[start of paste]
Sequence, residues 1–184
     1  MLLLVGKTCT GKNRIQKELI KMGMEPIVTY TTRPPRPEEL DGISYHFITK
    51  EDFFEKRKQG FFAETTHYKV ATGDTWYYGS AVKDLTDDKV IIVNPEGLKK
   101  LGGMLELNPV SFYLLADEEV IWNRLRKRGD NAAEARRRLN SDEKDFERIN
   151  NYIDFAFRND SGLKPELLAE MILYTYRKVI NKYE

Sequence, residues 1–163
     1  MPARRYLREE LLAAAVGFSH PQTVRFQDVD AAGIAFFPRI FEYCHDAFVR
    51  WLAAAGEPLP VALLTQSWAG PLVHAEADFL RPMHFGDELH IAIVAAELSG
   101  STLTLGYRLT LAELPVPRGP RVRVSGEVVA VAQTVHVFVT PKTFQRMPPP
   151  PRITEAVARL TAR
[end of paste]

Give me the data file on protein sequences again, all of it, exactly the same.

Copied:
Sequence, residues 1–184
     1  MLLLVGKTCT GKNRIQKELI KMGMEPIVTY TTRPPRPEEL DGISYHFITK
    51  EDFFEKRKQG FFAETTHYKV ATGDTWYYGS AVKDLTDDKV IIVNPEGLKK
   101  LGGMLELNPV SFYLLADEEV IWNRLRKRGD NAAEARRRLN SDEKDFERIN
   151  NYIDFAFRND SGLKPELLAE MILYTYRKVI NKYE

Sequence, residues 1–163
     1  MPARRYLREE LLAAAVGFSH PQTVRFQDVD AAGIAFFPRI FEYCHDAFVR
    51  WLAAAGEPLP VALLTQSWAG PLVHAEADFL RPMHFGDELH IAIVAAELSG
   101  STLTLGYRLT LAELPVPRGP RVRVSGEVVA VAQTVHVFVT PKTFQRMPPP
   151  PRITEAVARL TAR